WASHINGTON — News vet Walter Cronkite will be the pitch man for a new campaign going after broadcasters for not offering enough affordable or free airtime to federal candidates, even though the airwaves are owned by the American public.
“We need your help. We need to make sure that in the greatest democracy in the world, our political campaigns are driven by ideas, not by money,” Cronkite says during a nine-minute PSA taking broadcasters to task for jacking up the costs of campaigns though ad rates.
The coalition sponsoring the Cronkite piece will officially kick off their grass-roots drive Monday, less than one week after Congress passed landmark campaign finance reform legislation that spared broadcasters from having to offer deep discounts to federal candidates.
Broadcasters, who wield considerable lobbying power on Capitol Hill, said the discount would only lead to more ads, not less.
The National Assn. of Broadcasters also has insisted that TV stations already donate sizable chunks of free airtime to candidates, but that in recent years, politicos haven’t availed themselves of the chance to appear before the camera.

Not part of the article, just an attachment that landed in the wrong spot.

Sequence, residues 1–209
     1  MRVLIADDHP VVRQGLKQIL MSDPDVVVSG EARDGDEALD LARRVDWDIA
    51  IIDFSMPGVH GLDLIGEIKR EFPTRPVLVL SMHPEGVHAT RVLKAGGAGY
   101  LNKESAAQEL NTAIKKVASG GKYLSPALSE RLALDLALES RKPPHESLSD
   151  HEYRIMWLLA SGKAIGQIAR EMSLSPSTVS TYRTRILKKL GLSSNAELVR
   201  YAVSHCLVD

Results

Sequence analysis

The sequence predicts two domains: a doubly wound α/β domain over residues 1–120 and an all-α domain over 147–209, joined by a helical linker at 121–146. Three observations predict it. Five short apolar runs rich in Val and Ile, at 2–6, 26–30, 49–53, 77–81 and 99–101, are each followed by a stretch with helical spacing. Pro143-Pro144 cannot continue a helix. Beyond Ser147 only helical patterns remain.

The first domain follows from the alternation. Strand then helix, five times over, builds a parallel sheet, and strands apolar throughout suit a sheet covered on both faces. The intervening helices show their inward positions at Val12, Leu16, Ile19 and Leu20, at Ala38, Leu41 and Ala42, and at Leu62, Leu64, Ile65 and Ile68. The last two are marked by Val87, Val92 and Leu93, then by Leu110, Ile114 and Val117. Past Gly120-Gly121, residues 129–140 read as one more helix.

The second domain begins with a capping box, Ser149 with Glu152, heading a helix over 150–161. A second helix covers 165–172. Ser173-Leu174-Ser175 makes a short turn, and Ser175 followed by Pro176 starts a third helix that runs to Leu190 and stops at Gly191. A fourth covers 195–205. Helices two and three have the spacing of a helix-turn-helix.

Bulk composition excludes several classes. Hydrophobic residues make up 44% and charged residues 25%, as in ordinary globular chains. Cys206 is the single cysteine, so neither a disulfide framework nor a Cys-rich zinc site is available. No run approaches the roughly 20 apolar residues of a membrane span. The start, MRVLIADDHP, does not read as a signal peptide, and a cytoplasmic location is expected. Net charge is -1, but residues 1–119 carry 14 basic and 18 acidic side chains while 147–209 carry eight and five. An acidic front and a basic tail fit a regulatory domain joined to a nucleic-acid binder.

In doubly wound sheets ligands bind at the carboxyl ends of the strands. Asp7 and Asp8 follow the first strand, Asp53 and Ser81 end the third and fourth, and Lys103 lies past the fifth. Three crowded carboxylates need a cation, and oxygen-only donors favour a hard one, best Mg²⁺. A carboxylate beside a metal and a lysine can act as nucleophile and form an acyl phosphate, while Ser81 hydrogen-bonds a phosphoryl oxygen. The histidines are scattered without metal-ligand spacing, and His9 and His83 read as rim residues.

But undeterred, the Alliance for Better Campaigns and other coalition members producing the Cronkite piece will now push for specific legislation requiring TV stations to devote two hours per week to candidate discussions in the weeks leading up to an election. They also want a special tax levied on broadcasters that would be used to give airtime vouchers to candidates.
“The single biggest reason why campaigns are so expensive are those 30-second TV ads,” Cronkite said.
Under federal law, broadcasters are required to give discounts to political candidates. Rates, however, can vary depending upon the timeslot and whether a candidate is willing to have a spot preempted.